At AD/PD 2021, clinicians discussed neurological symptoms and brain tissue damage in older people who died from COVID-19.
By shifting to home nursing and telemedicine, clinical researchers kept inching ahead during lockdowns.
In therapy-like paradigm, suppressing ApoE4 in astrocytes toned down tauopathy. This assuaged microglia, neurodegeneration, and revived nest-building.
In cell culture, neurons with the strongest expression of cell-cycle proteins survived best in the presence of Aβ oligomers.
Disruption of the membraneless organelles may explain toxicity of tau aggregates.
In early stage trials, light and sound promoted neuronal communication, calmed immune cells, and slowed brain atrophy, but cognitive benefit remains unclear.
New data presented at the AD/PD conference offer the first evidence that a brain-shuttle strategy can work in people; the lecanemab and aducanumab antibody programs offer small updates.
The field is shifting from targeting tau’s tips to its mid-region, especially where tau binds microtubules. Several new candidates are in the clinic; whether the strategy will work remains to be seen.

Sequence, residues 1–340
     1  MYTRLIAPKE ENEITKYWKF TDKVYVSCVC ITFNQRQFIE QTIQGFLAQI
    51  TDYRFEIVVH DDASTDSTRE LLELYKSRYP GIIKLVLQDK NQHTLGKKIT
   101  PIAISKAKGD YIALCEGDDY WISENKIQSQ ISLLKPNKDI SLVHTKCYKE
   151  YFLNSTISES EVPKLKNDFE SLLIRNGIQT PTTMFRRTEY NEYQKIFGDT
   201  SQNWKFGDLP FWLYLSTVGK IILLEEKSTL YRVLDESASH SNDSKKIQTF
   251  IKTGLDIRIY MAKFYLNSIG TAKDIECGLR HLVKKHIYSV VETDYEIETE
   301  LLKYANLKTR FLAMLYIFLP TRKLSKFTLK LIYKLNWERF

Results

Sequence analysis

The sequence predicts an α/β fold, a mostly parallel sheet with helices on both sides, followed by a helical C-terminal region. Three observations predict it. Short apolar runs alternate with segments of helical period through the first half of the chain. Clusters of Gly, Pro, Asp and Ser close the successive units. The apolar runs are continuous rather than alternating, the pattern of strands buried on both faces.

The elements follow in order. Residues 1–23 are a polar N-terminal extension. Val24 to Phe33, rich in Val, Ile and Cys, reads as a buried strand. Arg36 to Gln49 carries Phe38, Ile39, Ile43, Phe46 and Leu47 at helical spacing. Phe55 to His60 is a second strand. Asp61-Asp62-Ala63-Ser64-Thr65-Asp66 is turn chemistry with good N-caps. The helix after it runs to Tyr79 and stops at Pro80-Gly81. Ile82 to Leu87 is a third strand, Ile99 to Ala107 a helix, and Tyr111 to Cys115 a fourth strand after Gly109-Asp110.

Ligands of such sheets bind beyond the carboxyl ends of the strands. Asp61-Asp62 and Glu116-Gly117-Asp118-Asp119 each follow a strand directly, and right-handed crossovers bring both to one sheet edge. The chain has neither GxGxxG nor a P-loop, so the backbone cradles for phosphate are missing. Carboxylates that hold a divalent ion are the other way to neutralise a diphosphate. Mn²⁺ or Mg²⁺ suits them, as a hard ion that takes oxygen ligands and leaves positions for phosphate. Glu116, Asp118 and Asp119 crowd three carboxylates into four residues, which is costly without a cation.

The first whole-genome manipulation of protein expression in neurons by CRISPR reveals a deadly chain of events. Bad processing by lysosomes leads to build-up of lipids and iron. Oxidative stress revs up. Neurons die by ferroptosis.
African Americans are likelier than non-Hispanic Caucasians to carry low-expression TREM2 variants, and less likely to carry a high-expression variant. As a result, they have less soluble TREM2 in their cerebrospinal fluid.
After news on “new data” they won’t see, three committee members argue against approval.
The Phase 2 trial provides the strongest evidence yet that removing most amyloid from the brain bolsters cognition, although the benefit is small.